We wanted to test the Wi-Fi GO! wireless adapter in a real world application so we connected the antenna’s. installed it inside running Windows 7 64-bit and configured it using “Automatic” settings for both 2.4Ghz and 5Ghz bands. To test the wireless performance we used our custom water cooled Mini-ITX PC that was directly connected to the ASUS RT-AC66U Dual-Band Wireless-AC1750 Gigabit 802.11ac Router.
We left the router in default mode, so the SSID name for untouched and we let it automatically choose the channel to connect to. This means that the router was left in “Unsecure Mode” (for fastest data throughput), and with WMM / QoS turned ON. After connecting, we ran the PC application LAN Speed Test (LST) to measure file transfer and network speeds. LST builds a file in memory and then transfers the packet without the effects of windows file caching. It then reports the time and calculates the network speed. We ran inSSIDer to make sure the networks were not overlapping with any of the 20+ surrounding ones and they were not.
First up was the Wi-Fi Go! with 1MB packets. Our average upload to the server was 85.6Mbps and the average download was 233.0Mbps.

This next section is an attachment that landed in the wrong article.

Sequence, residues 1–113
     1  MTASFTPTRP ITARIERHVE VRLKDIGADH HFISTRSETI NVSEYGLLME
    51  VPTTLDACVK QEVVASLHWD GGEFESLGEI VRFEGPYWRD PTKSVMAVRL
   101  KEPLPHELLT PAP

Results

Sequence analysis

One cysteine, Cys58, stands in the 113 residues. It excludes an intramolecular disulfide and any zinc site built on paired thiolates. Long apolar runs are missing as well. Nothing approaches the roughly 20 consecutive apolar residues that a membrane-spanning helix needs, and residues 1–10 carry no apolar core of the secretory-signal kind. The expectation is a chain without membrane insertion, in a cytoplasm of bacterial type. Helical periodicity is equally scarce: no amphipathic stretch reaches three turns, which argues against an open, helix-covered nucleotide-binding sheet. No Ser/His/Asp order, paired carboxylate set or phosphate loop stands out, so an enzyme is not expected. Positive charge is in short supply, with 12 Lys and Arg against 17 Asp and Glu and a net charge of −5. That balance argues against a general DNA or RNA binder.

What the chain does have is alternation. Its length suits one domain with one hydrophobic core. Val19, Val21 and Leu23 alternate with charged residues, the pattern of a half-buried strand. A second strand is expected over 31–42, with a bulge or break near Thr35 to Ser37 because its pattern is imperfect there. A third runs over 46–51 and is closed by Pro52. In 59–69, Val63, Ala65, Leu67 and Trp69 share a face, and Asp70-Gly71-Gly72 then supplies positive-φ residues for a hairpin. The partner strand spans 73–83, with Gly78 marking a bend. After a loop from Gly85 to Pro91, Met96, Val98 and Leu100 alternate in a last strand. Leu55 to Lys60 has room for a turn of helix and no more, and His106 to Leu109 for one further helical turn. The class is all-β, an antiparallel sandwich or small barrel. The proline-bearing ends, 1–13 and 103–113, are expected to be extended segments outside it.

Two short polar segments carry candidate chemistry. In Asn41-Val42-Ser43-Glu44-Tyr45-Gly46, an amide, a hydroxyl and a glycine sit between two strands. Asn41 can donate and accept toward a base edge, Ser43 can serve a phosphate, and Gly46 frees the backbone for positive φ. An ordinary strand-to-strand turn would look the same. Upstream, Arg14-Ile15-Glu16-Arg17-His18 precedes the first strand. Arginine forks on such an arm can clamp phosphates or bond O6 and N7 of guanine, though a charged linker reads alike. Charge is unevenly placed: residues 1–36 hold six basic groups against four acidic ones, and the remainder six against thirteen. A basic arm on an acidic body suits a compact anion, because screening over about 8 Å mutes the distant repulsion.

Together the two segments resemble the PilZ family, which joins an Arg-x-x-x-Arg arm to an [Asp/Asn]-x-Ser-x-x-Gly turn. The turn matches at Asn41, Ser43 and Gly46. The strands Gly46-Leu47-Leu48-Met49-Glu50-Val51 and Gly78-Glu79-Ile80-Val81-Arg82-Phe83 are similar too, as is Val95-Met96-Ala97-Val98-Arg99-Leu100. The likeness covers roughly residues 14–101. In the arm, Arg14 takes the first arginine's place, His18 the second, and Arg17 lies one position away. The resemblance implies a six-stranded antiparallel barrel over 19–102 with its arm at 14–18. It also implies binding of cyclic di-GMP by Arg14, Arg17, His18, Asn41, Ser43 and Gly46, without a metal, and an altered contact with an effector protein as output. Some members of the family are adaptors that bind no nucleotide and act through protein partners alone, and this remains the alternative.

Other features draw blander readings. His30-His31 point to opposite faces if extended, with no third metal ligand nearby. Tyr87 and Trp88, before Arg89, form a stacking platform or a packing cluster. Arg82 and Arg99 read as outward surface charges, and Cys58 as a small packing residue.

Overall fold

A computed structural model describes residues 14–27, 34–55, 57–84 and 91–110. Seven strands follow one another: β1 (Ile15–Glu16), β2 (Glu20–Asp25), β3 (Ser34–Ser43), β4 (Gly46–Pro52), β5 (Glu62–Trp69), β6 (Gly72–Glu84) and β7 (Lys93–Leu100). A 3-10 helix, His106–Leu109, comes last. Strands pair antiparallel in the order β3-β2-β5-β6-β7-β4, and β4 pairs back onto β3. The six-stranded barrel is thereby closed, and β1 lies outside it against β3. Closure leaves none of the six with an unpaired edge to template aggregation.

Increasing the packet size to 100MB we lost a little bit of performance from the 1MB tests. Our Upload speed dropped to 82.1Mbps, a loss of just over 3Mbps while our average download speed dropped to 178.1Mbps. That’s a loss of 55Mbps or 23.6% between the two series of tests!
Intel I217V 1MB Packets:
Running the LAN Speed Test over the wired network was obviously going to be much faster than the Wi-Fi GO!, our upload speed in the 1MB packet test was 819.6Mbps and our download speed was 925.5Mbps!
Intel I217V 100MB Packets:
Increasing the packet size to 100MB our upload performance dropped from 819.6Mbps to 799.6Mbps, not a major dip in the performance, the download speed remained virtually unchanged on the Intel I217V Gigabit Ethernet controller and averaged 925.4Mbps.